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You may just be someone not destined to put on a lot of weight. It happens. Gaining muscles mass can take years (if done naturally). Nothing wrong with being slim. Just look at Bruce Lee. Never held him back.

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You may just be someone not destined to put on a lot of weight. It happens. Gaining muscles mass can take years (if done naturally). Nothing wrong with being slim. Just look at Bruce Lee. Never held him back.

I'm not going to let someone with twice the genetics but only half the resolve beat me. If I ever have children one day, I will pass on a relatively weak body, but I hope they will learn how to adapt, survive, and excel in whatever they choose, it's the most human thing to do.

There's nothing wrong with being weak and slim, but excellence is unique and selfish--something I need to remind myself more often. It's lonely at the top, I shouldn't expect any support past getting started, other than my own.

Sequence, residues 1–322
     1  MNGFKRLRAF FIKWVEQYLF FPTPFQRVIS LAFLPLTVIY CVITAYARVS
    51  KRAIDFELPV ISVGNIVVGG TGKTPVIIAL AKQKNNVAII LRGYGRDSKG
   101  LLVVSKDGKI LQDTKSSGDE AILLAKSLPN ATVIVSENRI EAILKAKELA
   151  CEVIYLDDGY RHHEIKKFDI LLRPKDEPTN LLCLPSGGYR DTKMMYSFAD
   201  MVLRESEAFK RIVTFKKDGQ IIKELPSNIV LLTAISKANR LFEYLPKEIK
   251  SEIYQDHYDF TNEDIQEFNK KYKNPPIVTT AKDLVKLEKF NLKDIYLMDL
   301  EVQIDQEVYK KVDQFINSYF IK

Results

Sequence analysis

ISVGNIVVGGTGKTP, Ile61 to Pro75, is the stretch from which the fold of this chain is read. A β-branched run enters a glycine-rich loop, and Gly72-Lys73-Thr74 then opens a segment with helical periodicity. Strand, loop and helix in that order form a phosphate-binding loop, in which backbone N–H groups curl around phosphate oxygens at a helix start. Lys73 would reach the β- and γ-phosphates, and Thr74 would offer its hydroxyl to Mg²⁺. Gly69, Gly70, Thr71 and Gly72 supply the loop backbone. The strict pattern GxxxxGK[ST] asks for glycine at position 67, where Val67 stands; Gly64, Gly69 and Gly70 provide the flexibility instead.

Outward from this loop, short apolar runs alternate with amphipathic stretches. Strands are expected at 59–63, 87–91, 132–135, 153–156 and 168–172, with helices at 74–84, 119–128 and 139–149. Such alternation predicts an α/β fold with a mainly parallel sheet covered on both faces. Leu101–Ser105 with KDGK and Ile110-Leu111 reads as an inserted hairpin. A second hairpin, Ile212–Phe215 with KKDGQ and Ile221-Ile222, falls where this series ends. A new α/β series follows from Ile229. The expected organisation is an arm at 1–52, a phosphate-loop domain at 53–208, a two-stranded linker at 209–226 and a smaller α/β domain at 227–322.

Recently, I've been hitting plateaus in my lifts and my weight and my overall willpower when I'm under the bar. I can feel it, I can feel myself giving up, I admit I've had thoughts such as, "Well, I'll go easy today, because my hips are kinda sore, because I slept 30 minutes less than usual, because I overslept, because I've got a case of the Mondays, the Tuesdays, because it's rainy today, because it's too hot today, because it's snowing outside, because I didn't quite eat as well as I could have, because I'm not wearing my favorite shorts, because I forgot my iPod at home, because I'm at a new gym and I don't like it, because the gym is too far, because I didn't take my creatine today, because I have work today, because I'm lifting at a weird time, because I've been a little stressed out lately, because it's 'just one of those days', because I'm insecure about what other people in the gym will think if I fail a rep or start screaming and shuddering under a weight someone directly beside me could easily lift...